There's more to this Rangers offseason than just the Josh Hamilton conundrum.
It will probably be hard to realize it for the next few weeks and months until one side or the other puts its cards on the table instead of continuing this silly dance of hints when no one really seems to want to continue the relationship. Rest assured, though, there's plenty of other things that will impact the Rangers' chances of improving on 2012.
One of them will be the way they decide to outfit the bullpen. Things worked out pretty well in the relief corps this season with Joe Nathan showing he still had gas in the tank and a deep crew of pitchers getting the job done in front of him. That will be the idea again next year, but we don't yet know the identities of those pitchers.
Alexi Ogando and Robbie Ross will definitely be back, although it's much too soon to say that either one of them will definitely be working out of the pen again this season. Ogando has started in the past and could be called on to fill a need if the Rangers strike out in attempts to fill out their rotation. Ross was exclusively a starter in the minors and the team might want to see if he has any value in that role before sticking him back in a spot they know he can handle.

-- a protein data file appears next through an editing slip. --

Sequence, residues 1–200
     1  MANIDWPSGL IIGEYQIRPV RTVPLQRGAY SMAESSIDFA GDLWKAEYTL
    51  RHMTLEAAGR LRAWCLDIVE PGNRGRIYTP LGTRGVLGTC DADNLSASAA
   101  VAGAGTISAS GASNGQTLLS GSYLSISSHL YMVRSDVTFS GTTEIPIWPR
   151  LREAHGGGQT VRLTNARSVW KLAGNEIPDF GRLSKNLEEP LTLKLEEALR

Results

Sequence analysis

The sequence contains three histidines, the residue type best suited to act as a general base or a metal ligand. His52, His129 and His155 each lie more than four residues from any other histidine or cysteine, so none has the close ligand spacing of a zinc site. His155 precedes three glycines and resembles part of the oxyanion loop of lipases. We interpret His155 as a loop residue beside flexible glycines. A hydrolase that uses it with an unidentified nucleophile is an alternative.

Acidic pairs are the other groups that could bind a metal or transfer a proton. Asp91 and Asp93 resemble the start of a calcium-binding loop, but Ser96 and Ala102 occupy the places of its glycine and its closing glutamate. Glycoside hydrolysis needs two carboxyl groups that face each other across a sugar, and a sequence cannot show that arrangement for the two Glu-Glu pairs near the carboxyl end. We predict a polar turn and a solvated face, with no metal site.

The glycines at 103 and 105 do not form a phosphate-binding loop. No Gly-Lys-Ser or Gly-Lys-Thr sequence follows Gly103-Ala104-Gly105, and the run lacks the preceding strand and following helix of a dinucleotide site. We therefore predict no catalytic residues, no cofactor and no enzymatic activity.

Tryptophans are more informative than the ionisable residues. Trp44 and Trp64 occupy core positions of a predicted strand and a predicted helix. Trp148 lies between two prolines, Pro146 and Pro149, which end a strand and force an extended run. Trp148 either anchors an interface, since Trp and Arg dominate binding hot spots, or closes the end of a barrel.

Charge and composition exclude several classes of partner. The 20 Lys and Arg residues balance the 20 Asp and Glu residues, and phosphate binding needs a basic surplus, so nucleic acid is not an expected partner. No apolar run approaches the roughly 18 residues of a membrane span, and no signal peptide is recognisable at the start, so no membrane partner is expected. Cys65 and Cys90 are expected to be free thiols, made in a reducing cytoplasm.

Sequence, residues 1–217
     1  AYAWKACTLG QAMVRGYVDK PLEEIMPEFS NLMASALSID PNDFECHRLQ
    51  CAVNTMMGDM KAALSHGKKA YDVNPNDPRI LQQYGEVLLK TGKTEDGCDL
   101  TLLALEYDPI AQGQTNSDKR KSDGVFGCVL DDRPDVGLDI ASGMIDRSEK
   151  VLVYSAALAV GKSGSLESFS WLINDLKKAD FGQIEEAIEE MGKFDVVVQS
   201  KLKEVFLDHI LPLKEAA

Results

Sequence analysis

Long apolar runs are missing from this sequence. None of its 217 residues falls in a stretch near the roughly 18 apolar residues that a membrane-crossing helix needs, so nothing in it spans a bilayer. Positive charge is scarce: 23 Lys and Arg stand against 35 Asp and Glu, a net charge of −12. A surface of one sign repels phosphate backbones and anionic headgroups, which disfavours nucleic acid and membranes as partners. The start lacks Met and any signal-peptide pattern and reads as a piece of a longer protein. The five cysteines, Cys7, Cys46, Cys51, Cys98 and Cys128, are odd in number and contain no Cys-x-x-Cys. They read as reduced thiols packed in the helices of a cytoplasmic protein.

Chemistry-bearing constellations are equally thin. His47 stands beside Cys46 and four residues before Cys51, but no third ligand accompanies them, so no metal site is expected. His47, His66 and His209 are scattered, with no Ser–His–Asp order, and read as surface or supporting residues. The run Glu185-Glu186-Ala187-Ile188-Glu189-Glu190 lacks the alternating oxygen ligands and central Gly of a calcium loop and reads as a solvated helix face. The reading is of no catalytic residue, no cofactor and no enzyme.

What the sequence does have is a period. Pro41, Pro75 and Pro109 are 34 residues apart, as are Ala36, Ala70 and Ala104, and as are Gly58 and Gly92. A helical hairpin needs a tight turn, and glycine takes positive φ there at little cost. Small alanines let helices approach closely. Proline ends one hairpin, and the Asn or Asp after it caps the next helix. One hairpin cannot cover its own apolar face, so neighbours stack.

Beyond that, though, we know nothing. Scott Feldman, Roy Oswalt and Mark Lowe seem unlikely to return after failing to set the world on fire. Koji Uehara and Mike Adams are both free agents whose performance might price them out of Texas.
Uehara was really good down the stretch, which is a pretty good time to be at your best as an impending free agent. Teams obviously know that Uehara's overall performance wasn't quite as good, but he's the kind of experienced arm that always draws suitors on the open market and the Rangers might choose to spend their bucks elsewhere.
The same is true of Adams, who said this week that this is nothing but a business decision for him. He's going to the place that gives him the best offer and that's likely to mean a multi-year deal, even coming off an injury, because baseball general managers can't seem to get over the fact that they rarely ever pay off.
On a one-year deal, paying Adams a handsome amount makes sense. It's a bet on his track record as well as the kind of inflated salary good teams sometimes accept as part of the price you pay to remain competitive. And Adams would likely have trade value if things didn't work out next season so you'd have an out.
Good personnel work can find you a better alternative to a two-year deal, though. You might be able to sign two veterans for what Adams cost while also moving Tanner Scheppers or another young pitcher into the mix. It might take a while to sort out roles, but you know who's closing so that's not the biggest deal in the world.
Whatever happens with Adams, the Rangers are going to be spelling relief a little bit differently next season.